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Volkswagen Beetle (2005-2011) Buying Guide

Volkswagen Beetle (2005-2011)
Volkswagen Beetle (2005-2011)Volkswagen Beetle (2005-2011)Volkswagen Beetle (2005-2011)Volkswagen Beetle (2005-2011)Volkswagen Beetle (2005-2011)Volkswagen Beetle (2005-2011)Volkswagen Beetle (2005-2011)Volkswagen Beetle (2005-2011)Pictures shown may not represent exact model specified

by Richard Dredge

When Volkswagen launched its water-cooled Beetle in 1999 it could barely keep up with demand at first. It was easy to see why; here was a car that looked great, featured modern safety systems, was easy to drive and came with some great engines and transmissions. Buyers could choose between hatchback practicality and the style of a cabriolet, both proving popular with style-conscious buyers who wanted to stand out from the crowd. Inevitably the hysteria died down and Volkswagen countered with a refreshed Beetle in 2005, which carried over the original car's running gear in a refreshed bodyshell. The fact that this tweaked Beetle wasn't an all-new model showed that VW got things right with the original car, and much of what applies to that car also applies to this one, so be sure to also check out our guide on the pre-facelift Beetle.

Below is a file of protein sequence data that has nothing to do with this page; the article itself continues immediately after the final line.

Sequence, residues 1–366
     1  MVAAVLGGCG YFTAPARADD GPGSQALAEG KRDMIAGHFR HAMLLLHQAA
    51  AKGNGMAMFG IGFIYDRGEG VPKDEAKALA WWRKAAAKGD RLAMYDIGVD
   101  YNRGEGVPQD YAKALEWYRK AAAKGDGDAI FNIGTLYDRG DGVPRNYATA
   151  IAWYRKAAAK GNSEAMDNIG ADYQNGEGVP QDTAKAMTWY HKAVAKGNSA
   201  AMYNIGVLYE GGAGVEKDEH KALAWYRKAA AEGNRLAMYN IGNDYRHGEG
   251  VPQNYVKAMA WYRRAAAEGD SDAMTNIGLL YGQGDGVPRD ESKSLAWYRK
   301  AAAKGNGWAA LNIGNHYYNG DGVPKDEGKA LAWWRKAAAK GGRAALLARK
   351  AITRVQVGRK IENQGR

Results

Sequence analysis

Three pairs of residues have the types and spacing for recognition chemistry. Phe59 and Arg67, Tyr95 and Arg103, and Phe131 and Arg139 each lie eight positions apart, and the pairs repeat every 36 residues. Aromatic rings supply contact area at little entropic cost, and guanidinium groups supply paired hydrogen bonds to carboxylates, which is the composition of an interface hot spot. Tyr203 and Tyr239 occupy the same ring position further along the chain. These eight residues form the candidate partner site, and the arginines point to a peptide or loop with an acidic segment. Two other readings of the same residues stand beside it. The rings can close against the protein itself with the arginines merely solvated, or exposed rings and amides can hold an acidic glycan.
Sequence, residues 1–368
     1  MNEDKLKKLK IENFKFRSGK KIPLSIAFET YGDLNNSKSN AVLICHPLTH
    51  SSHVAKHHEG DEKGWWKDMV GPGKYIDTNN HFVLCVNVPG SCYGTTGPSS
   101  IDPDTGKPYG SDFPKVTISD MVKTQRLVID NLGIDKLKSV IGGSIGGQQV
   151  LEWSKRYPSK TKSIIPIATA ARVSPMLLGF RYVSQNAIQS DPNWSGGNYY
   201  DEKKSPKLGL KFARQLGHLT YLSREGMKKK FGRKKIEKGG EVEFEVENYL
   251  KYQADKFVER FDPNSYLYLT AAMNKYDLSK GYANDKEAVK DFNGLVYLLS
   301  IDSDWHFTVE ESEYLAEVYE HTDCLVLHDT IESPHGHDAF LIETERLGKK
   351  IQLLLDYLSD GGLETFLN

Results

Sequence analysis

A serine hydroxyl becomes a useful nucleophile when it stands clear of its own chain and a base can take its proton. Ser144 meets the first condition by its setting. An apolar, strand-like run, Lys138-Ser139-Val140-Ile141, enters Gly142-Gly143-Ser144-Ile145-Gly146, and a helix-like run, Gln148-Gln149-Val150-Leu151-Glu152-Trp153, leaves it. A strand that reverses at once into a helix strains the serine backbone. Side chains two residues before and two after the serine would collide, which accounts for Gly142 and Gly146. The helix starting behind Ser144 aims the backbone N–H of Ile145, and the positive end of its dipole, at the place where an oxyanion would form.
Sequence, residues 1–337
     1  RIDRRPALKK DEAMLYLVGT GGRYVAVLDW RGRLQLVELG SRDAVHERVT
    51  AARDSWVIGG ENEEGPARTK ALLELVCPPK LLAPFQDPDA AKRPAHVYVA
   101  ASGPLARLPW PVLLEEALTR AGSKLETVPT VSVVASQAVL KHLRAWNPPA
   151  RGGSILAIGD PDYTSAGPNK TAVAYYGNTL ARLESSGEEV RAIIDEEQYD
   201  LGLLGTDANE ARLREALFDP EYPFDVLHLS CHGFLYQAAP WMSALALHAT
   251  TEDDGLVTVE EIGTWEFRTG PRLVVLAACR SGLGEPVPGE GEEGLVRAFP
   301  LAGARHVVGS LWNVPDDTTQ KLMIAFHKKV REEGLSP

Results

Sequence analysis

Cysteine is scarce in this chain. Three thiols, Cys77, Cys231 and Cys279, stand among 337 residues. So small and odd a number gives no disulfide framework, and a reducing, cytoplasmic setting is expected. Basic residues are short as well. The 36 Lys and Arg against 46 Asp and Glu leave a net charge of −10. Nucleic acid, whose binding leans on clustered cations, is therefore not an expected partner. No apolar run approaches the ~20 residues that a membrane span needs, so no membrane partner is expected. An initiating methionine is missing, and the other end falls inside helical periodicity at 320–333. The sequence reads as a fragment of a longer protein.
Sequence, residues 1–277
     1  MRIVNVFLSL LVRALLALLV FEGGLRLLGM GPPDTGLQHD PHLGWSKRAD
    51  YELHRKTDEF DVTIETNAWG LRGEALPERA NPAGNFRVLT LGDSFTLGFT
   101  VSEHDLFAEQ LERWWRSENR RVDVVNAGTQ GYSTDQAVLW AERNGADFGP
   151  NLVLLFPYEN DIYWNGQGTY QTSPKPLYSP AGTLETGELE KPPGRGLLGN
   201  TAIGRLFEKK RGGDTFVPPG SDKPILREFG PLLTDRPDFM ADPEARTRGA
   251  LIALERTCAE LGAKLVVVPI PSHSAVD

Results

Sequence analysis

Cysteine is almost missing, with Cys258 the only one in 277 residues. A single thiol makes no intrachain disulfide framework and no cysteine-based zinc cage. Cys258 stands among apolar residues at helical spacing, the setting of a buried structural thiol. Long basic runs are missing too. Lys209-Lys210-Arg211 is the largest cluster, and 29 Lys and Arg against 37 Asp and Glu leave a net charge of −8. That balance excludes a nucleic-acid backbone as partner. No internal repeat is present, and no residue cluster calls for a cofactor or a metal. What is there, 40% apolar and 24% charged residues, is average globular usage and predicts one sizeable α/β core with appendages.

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We LikeWe Don't Like
Distinctive looks
Airy cabin
Hatchback practicality
Efficient engines
Low purchase prices
Low running costs
Limited head room in back of hatch
Tiny convertible boot
Underpowered 1.4-litre engine
Key Dates 
06/05A facelifted Beetle brings new bumpers and lights, but the engines and transmissions are carried over unchanged. There's a new entry-level model though, the Luna.
05/08The Sola limited edition is based on the cabriolet and comes with a 1.6-litre petrol engine. There are silver or black paint finishes with a red roof and a red leather interior.
Checklist 
  • On convertibles, the plastic latch that secures the roof to the top of the windscreen can break off.
  • The window winder mechanism can fail, usually with the window in the lowered position so it won't come back up.
  • The ECU that controls the engine is reliant on sensors. This includes a lambda sensor which is prone to failure, leading to erratic running.
  • There are various microswitches in the door locks; their failure stops the electric windows and central locking working, and the electric hood (if fitted).
  • Other electrical failures are common, largely because the wiring can go brittle and break. Check that every single electrical item works.
  • On older cars, rust is starting to creep into some areas such as the door jambs and the rain gutters, while the sills can also corrode.
  • As a modern classic, a lot of these cars now feature modifications or aftermarket parts such as exhausts, stereos and security systems. Check the quality of any changes made; some can be the source of endless problems.
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